The Confession began with Augustine and found renewal in Rousseau, though its fictional form does not necessarily concern itself with the author: "Most autobiographies are inspired by a creative, and therefore fictional, impulse to select only those events and experiences in the writer's life that go to build up an integrated pattern. This pattern may be something larger than himself with which he has come to identify himself, or simply the coherence of his character and attitudes." (307); "After Rousseau—in fact in Rousseau—the confession flows into the novel, and the mixture produces the fictional autobiography, the Kunstler-roman, and kindred types. ...The 'stream of consciousness' technique permits of a much more concentrated fusion of the two forms, but even here the characteristics peculiar to the confession form show up clearly. Nearly always some theoretical and intellectual interest in religion, politics, or art plays a leading role in the confession. It is his success in integrating his mind on such subjects that makes the author of a confession feel that his life is worth writing about." (307-08); Like the romance, "[t]he confession is also introverted, but intellectualized in content." (308). A notable example: Joyce's A Portrait of the Author as a Young Man. The short form of the confession is what Frye calls the "familiar essay" perhaps best exemplified in the Essays of Montaigne.

Finally, the Menippean satire, or what Frye calls the 'Anatomy', "deals less with people as such than with mental attitudes. Pedants, bigots, cranks, parvenus, virtuosi, enthusiasts, rapacious and incompetent professional men of all kinds, are handled in terms of their occupational approach to life as distinct from their social behavior. The Menippean satire thus resembles the confession in its ability to handle abstract ideas and theories, and differs from the novel in its characterization, which is stylized rather than naturalistic, and presents people as mouthpieces of the ideas they represent. ... A constant theme in the tradition is the ridicule of the philosophus gloriosus ... . The novelist sees evil and folly as social diseases, but the Menippean satirist sees them as diseases of the intellect, as a kind of maddened pedantry which the philosophus gloriosus at once symbolizes and defines." (309) "At its most concentrated the Menippean satire presents us with a vision of the world in terms of a single intellectual pattern. The intellectual structure built up from the story makes for violent dislocations in the customary logic of narrative, though the appearance of carelessness that results reflects only the carelessness of the reader or his tendency to judge by a novel-centered conception of fiction." (310); "The Menippean satirist, dealing with intellectual themes and attitudes, shows his exuberance in intellectual ways, by piling up an enormous mass of erudition about his theme or in overwhelming his pedantic targets with an avalanche of their own jargon." (311). Examples are rife in Frye: the works of Petronius and Rabelais, Burton's The Anatomy of Melancholy, Walton's The Compleat Angler, Swift's Gulliver's Travels, Sterne's Tristram Shandy, Voltaire's Candide, Flaubert's Bouvard et Pecuchet, Huxley's Brave New World, "The short form of the Menippean satire is usually a dialogue or colloquy, in which the dramatic interest is in a conflict of ideas rather than of character. This is the favorite form of Erasmus, and is common in Voltaire." (310). The short form derives from Plato's dialogues, is found in Boethius's The Consolation of Philosophy, and often involves a symposium or a country-house weekend.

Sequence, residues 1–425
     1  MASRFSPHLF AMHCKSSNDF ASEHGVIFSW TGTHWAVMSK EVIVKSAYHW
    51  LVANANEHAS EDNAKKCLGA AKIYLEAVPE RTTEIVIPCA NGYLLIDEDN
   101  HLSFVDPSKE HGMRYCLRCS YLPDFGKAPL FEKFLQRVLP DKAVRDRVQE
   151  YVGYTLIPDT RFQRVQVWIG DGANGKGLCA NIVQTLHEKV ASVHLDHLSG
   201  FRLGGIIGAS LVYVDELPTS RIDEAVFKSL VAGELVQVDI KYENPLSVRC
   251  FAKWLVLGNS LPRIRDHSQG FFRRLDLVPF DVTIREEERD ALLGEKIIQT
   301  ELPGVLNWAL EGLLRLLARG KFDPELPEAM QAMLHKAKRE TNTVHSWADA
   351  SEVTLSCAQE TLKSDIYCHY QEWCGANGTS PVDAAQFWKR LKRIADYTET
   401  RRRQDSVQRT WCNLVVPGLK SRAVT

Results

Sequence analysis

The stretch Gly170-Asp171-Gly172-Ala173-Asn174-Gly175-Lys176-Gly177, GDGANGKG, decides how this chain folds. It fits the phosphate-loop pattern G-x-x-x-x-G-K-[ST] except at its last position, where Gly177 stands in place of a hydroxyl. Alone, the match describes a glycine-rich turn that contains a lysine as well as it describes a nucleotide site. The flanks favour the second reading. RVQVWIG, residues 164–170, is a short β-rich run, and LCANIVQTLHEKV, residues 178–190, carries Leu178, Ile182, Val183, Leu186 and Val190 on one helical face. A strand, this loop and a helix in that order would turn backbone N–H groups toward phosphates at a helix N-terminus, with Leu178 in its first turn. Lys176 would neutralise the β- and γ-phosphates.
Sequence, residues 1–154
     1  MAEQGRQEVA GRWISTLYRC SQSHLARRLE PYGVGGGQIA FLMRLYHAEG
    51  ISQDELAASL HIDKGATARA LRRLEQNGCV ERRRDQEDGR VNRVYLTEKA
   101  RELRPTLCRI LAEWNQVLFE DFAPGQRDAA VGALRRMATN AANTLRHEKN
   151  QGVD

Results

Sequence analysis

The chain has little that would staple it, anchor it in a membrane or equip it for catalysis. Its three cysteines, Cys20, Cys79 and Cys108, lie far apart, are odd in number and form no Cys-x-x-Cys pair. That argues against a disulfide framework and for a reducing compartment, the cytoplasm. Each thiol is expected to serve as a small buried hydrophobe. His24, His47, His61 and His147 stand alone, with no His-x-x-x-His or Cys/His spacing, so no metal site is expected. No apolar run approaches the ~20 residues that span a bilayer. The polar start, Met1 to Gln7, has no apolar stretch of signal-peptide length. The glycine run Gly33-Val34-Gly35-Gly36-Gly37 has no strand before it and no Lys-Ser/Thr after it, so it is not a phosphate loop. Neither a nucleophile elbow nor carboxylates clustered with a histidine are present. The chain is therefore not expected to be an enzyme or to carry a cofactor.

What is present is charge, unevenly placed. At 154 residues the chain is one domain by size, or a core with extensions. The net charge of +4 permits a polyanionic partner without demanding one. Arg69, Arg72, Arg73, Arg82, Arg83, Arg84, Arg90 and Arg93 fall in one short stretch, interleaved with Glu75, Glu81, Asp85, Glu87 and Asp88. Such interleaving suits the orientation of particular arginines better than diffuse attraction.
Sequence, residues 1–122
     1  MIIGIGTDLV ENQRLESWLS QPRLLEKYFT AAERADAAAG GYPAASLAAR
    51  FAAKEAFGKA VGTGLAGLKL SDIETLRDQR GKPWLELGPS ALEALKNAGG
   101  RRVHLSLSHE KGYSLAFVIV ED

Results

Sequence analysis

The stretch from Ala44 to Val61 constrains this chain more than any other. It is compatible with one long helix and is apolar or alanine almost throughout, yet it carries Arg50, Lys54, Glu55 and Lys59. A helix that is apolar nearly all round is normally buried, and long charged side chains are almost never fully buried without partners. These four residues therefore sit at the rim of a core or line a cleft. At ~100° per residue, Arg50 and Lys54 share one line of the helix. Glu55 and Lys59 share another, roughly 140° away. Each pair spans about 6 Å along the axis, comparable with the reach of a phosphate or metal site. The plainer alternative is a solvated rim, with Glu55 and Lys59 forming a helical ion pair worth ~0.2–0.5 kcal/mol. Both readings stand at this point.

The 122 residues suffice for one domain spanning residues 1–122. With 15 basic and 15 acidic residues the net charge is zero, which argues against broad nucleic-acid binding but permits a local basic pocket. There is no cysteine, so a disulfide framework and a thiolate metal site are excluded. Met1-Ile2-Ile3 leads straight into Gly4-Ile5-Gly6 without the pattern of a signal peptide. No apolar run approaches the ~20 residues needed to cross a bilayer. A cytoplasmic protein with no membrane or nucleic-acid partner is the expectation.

The forms are rarely pure; many works of fiction are mixed. "[T]he early novels of George Eliot, for instance, are influenced by the romance, and the later ones by the anatomy." (312) Romance and novel converge to ironic effect in such works as Northanger Abbey, Madame Bovary, and Lord Jim. Moby Dick is a romance-anatomy. de Quincey's Confessions of an English Opium-Eater is a romance-confession hybrid. Confession and anatomy are united in Sartor Resartus and, surprisingly, in Kierkegaard's Either/Or (sorry, it's the best I could find). Novel, romance, and confession come together in Pamela; novel, romance, and anatomy in Don Quixote; novel, confession, and anatomy in Proust; and romance, confession, and anatomy in Apuleius. Joyce's Ulysses Frye calls "a complete prose epic with all four forms employed in it, all of practically equal importance, and all essential to one another, so that the book is a unity and not an aggregate." (314).

Happy Reading!